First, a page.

Global in scale, with across the board press coverage, the WannaCry ransomware attack has quickly gained a reputation as one of the worst cyber incidents in recent memory. Despite the scale, this attack relied on the same tried and true methods as other successful malware: find exposed ports on the Internet, and then exploit known software vulnerabilities. When put that way, the attack loses its mystique. But there’s still a lot we can learn from this incident, and we’ve summed up the five most important takeaways to keep in mind going forward.
Before we start imagining an elite team of determined hackers, consider that the only systems affected were those lacking basic security configurations to prevent such attacks. The ransomware was spread by a technique called EternalBlue, which connects to exposed Microsoft SMB ports and attempts to exploit a known software vulnerability. But Microsoft SMB ports should never be open to the internet. It should be security 101 for anyone running a Microsoft data center-- ports 135-139 and 445 are not safe to publicly expose and have not been for a decade or more. Furthermore, the specific vulnerability exploited was known, and Microsoft released a patch for it on March 14th. Only those without a reliable and timely update process lacked the update necessary to block the attack. Of course, no patch existed for Windows XP, but that’s because support for that OS has been discontinued for some time. Microsoft did release a special XP update in response to WannaCry, but only after the damage was done. Running XP or any other unsupported legacy software is a major enterprise problem for precisely this reason.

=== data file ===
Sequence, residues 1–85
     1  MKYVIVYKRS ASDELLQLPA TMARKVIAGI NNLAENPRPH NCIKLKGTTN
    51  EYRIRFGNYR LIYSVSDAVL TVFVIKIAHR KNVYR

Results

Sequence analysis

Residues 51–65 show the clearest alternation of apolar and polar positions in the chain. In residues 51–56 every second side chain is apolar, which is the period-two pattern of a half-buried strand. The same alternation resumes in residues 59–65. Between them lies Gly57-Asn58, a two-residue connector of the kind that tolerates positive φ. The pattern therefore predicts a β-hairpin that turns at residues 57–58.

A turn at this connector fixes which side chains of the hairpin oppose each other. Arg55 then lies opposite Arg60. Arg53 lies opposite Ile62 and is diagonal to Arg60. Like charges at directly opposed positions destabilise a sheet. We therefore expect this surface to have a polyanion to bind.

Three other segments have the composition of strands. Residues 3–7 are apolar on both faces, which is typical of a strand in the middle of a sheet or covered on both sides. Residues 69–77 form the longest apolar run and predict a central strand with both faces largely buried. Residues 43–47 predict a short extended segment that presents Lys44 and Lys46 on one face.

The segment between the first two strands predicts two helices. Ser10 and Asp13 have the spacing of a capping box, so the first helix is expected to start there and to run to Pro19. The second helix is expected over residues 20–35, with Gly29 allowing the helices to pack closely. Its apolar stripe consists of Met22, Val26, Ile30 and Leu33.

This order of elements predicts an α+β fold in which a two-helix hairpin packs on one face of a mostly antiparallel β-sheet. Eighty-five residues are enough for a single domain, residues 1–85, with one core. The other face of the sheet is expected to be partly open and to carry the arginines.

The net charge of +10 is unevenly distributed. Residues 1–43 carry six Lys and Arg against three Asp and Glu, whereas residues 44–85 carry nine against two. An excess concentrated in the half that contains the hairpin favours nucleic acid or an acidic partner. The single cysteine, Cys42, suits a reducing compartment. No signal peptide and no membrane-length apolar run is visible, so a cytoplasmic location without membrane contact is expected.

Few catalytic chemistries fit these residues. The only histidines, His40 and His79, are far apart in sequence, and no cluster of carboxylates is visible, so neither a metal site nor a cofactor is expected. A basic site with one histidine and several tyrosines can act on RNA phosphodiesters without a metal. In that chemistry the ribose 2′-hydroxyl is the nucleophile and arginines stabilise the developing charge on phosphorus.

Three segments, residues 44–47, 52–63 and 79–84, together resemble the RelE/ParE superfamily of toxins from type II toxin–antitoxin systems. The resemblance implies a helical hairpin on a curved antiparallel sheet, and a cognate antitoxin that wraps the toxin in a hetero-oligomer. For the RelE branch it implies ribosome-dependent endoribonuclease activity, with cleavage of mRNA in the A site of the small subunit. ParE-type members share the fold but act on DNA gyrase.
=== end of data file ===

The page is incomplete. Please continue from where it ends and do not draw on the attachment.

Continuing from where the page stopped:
The consequences of these simple, preventable misconfigurations have wreaked global havoc, with tens of thousands of systems in a hundred countries compromised by the attack. Here we begin to see the unequal scale of consequences that can occur from the simple exploitation of common flaws. However, these aren’t ultimately flaws in software or code or firewalls, but flaws in processes and priorities. The two most basic axioms for a Windows sysadmin are “don’t expose SMB to the internet” and “keep your systems patched.” If these most basic of all practices are this poorly executed across the globe, imagine how vulnerable we must be to truly advanced attacks.